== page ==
All our children struggle.  “Affluenza” is as damaging a plight — in a different way — as poverty is. We privileged or relatively privileged people generally can anesthetize our pain more subtly and can buy our way out of transgressions more easily than can the poor.  But many of our children are similarly languishing in invisible prisons of their own making, longing for (at least metaphorical) refuge from the storm, for the neighborly atmosphere of a shelter with food, love and Easter bunnies to spare.

So here’s to the mothers who gave their little boys chocolate Easter bunnies just like I did, but sometimes have to wonder if the promise of Easter, the redemption of Easter applies to everybody, in a society where not everyone has the same chances, the same breaks, the same opportunities.

Of course God’s gifts and grace apply to all.  But here on earth, we Jesus-followers don’t always do what it takes to see that the kingdom of heaven comes here to earth (as much as we can effect that) on our watch.  We look on silently and let some lives go better than others; we assume that some parts of town just produce people who can’t or won’t do as well as our children well.

We presume that our children will stay out of jail or homeless shelters, and we assume that “those people” will end up in them.

Yet everybody is somebody’s little boy or girl (and the orphans, widows and aliens are God’s particular favorites).

And everybody appreciates a good chocolate bunny, whether they devour it as they did when they were eight or tuck it under their arm and take it with them out into the stark reality of life.

I’m thankful for the visual that jarred my thinking.  God help me.

~ by Cary on June 2, 2011.

12 Responses to “Chocolate Bunnies, Homeless Men and Inequity”

  1. You are stirring up deep emotions in the heart of countless mothers with this post. Your words paint emotions so strong that my mercy motivated heart is weeping for these men with chocolate Easter bunnies.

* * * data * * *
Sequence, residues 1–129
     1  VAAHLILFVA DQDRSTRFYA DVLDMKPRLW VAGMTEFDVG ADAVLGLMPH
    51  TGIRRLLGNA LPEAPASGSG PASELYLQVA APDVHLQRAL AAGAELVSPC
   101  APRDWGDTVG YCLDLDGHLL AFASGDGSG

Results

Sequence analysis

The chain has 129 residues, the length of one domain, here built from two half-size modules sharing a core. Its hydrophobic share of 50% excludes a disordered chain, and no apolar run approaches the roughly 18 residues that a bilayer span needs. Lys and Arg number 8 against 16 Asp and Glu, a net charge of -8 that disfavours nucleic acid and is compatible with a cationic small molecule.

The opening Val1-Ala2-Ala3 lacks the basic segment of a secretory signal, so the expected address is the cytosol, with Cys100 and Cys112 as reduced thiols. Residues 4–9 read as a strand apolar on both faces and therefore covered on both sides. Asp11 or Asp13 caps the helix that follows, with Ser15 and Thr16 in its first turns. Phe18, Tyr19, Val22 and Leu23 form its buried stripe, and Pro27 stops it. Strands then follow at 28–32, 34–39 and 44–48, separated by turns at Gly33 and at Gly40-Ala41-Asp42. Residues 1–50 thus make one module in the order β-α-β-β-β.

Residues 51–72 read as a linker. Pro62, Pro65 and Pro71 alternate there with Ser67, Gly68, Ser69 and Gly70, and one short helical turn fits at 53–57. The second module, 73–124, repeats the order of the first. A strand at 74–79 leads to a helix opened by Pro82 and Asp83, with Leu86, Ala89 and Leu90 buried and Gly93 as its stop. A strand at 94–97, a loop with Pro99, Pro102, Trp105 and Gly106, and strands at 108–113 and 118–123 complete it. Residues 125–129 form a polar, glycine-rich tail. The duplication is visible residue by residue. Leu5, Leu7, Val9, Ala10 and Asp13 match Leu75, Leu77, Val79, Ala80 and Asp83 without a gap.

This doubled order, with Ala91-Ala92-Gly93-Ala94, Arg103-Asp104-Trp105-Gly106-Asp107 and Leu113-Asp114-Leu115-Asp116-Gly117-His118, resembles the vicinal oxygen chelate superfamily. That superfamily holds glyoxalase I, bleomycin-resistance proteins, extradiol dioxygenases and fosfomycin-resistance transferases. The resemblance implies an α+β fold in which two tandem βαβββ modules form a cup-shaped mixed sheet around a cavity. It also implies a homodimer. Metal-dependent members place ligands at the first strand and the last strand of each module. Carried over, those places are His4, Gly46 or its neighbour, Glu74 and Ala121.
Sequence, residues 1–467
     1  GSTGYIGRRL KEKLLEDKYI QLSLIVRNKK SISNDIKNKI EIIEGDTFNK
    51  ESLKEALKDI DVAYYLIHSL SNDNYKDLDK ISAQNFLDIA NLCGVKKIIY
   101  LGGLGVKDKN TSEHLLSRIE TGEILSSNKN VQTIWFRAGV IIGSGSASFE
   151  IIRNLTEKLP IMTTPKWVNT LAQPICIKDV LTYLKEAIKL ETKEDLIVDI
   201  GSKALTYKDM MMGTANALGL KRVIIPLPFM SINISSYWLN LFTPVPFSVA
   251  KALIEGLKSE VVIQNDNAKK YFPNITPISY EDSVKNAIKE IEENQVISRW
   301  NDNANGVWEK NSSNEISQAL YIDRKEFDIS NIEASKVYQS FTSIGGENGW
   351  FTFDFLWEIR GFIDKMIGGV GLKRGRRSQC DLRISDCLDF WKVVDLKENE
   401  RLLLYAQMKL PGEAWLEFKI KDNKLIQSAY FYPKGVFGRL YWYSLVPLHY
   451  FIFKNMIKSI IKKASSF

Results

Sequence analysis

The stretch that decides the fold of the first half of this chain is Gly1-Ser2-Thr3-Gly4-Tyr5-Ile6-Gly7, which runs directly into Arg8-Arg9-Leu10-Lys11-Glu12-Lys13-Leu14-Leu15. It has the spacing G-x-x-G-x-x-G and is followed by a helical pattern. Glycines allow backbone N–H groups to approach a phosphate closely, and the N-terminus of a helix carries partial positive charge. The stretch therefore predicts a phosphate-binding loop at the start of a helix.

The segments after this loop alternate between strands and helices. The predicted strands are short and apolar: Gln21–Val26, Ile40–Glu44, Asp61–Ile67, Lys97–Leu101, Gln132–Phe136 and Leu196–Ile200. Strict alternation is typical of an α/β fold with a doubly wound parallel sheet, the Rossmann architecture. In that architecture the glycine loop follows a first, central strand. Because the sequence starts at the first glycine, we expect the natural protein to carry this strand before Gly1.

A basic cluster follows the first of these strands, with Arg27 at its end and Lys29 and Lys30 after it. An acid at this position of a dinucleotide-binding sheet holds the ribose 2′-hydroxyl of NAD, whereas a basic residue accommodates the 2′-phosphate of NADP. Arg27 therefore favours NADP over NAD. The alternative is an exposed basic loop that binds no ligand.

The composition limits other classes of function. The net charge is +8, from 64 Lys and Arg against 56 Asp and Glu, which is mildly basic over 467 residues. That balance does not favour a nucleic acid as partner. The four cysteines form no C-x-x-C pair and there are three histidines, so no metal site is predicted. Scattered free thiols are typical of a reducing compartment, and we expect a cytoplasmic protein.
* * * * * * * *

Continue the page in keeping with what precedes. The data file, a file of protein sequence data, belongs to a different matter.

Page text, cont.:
May God show us how to bring the reality and promise of Easter into the ordinary. And for those of us who may look perfect on the outside,we’re wounded too and right now . . . I’m craving a chocolate bunny.:-)

  2. You see – really see – these men with compassion and empathy and I think they are better off for having been served and seen by you. Thank you for tying all of these themes together; they really are inseparable. It’s such a good reminder.

    • Thanks, Penny. A friend told me that we are closest to Jesus when we are with the poor; I believe it when I am there.

  3. A wonderfully truth and emotional post. Thanks, ,Cary.

  4. Wow! Fabulous, beautiful God bless our babies young and old

  5. I love this, Cary. You are inspiring, both in words and actions. I think taking the lens of viewing “our fellow sufferers” as children is helpful as we try to make sense of this world. The most helpful for me is to remind myself that we have a common Father who loves us all uniquely and wholly. God help us, indeed.

    • And there are some people, especially bullies and cool girls, the image of whom as children diffuses my anxiety around them! 🙂

  6. Cary, This piece is wonderful. It strikes an emotional cord on so many levels. Thank you.

    • Katie, thanks. And Andrew and I drive-by-visited your paintings at Marin-Price. Beautiful. The boy and the dog could have been Charlie and Bagel (or other combos we know and love!).